Pro-Western bloc leads Bulgarian parliamentary elections
Five elections within two years – in Bulgaria a new parliament was once again voted on. Rising prices and the Ukraine war are exacerbating the crisis. Will there be a new government this time?
Sofia. According to initial forecasts, the pro-Western reform bloc PP-DP emerged as the strongest force in the parliamentary elections in Bulgaria. The liberal-conservative bloc should therefore get a good 26 percent of the votes.
The equally pro-Western center-right alliance of the GERB-SDS, which was voted out of office in 2021 after allegations of corruption, came in second with up to around 25 percent of the votes. In terms of foreign policy, both camps agree on supporting Ukraine in the Russian war of aggression, including with arms deliveries.
According to the forecasts, five parties will definitely enter the parliament in Sofia. Among them, with a good 13 percent, is the pro-Russian and nationalist party Wasraschdane (Rebirth).
Who will form a government?
Political scientists see the most important question after the election as which party can form a government, not which one won the election. In the 240-seat parliament, no party is forecast to have a sufficient majority to govern alone. Top politicians only wanted to comment on their plans after the official results had become known.
In view of the expected balance of power, the formation of a new government is likely to be difficult even after this fifth election within two years. During the election campaign, the parties made accusations and insults and drew a lot of red lines – for example on the stance on the Ukraine war, judicial reform or the introduction of the euro.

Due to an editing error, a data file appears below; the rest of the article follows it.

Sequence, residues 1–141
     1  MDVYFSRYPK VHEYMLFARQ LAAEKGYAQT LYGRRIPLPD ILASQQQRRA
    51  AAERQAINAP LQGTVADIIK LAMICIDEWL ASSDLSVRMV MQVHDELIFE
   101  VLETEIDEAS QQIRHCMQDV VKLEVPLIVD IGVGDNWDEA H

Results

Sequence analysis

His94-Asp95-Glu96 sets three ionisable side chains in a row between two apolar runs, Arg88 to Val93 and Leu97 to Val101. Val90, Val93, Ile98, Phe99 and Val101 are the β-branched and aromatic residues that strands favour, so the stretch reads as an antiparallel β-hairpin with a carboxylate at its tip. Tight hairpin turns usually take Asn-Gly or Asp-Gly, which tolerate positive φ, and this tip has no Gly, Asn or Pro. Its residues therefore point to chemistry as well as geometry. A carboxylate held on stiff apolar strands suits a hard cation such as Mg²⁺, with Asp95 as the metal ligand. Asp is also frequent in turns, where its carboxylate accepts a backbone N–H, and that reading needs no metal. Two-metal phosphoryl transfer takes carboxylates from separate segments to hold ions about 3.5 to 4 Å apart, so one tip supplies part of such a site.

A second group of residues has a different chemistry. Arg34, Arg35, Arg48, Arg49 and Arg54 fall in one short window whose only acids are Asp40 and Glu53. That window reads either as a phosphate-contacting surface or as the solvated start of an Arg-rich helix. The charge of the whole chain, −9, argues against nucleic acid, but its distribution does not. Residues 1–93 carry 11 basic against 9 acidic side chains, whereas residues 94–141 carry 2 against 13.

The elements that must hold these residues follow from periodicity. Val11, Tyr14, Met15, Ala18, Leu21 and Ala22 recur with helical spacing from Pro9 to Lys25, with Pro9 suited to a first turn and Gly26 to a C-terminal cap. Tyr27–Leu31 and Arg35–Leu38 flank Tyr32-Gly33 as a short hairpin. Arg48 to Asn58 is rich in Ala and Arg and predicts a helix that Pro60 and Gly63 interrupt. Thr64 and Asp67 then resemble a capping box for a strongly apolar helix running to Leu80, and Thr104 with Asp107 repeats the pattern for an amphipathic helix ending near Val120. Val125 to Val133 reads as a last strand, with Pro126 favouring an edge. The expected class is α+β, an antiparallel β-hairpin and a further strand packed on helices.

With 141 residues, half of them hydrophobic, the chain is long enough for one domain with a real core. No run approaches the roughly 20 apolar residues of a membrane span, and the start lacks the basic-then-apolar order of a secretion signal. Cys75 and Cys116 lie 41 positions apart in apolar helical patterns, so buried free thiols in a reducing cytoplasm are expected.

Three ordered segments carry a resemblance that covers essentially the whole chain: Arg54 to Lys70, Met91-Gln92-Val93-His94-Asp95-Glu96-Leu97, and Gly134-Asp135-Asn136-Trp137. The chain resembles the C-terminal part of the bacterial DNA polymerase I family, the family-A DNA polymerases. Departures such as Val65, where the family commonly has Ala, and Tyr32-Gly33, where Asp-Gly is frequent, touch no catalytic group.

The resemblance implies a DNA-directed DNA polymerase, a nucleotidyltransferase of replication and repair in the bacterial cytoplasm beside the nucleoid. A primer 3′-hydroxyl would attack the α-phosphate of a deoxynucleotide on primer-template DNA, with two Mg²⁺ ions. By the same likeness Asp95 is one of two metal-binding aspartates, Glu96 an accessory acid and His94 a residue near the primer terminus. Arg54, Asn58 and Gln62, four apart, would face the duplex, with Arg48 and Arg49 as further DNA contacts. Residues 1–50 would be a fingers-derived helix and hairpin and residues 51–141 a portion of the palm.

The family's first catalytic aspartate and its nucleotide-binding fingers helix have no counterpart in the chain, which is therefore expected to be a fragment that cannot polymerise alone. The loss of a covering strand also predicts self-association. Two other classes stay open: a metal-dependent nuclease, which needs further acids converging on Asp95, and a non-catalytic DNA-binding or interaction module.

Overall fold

“I expect common sense and principles to prevail in Bulgarian politics,” said President Rumen Radev when voting. The head of state announced that he would not delay the award of the government contract. A transitional cabinet appointed by him will run government business in view of the new election.
After five elections: hope for regular government
According to political scientists, the EU country urgently needs a regular government. Political scientist Rumyana Kolarova said that an executive cabinet could not offer solutions to the problems. Since parliament was repeatedly dissolved before new elections, important laws fell by the wayside – such as the laws to implement the country’s EU recovery plan or currently – for a price brake.
Further areas of concern for a future government would be the fight against corruption, the country’s planned accession to the Schengen area without border controls, and the introduction of the euro. Due to high inflation, entry into the euro zone, originally planned for 2024, was postponed.
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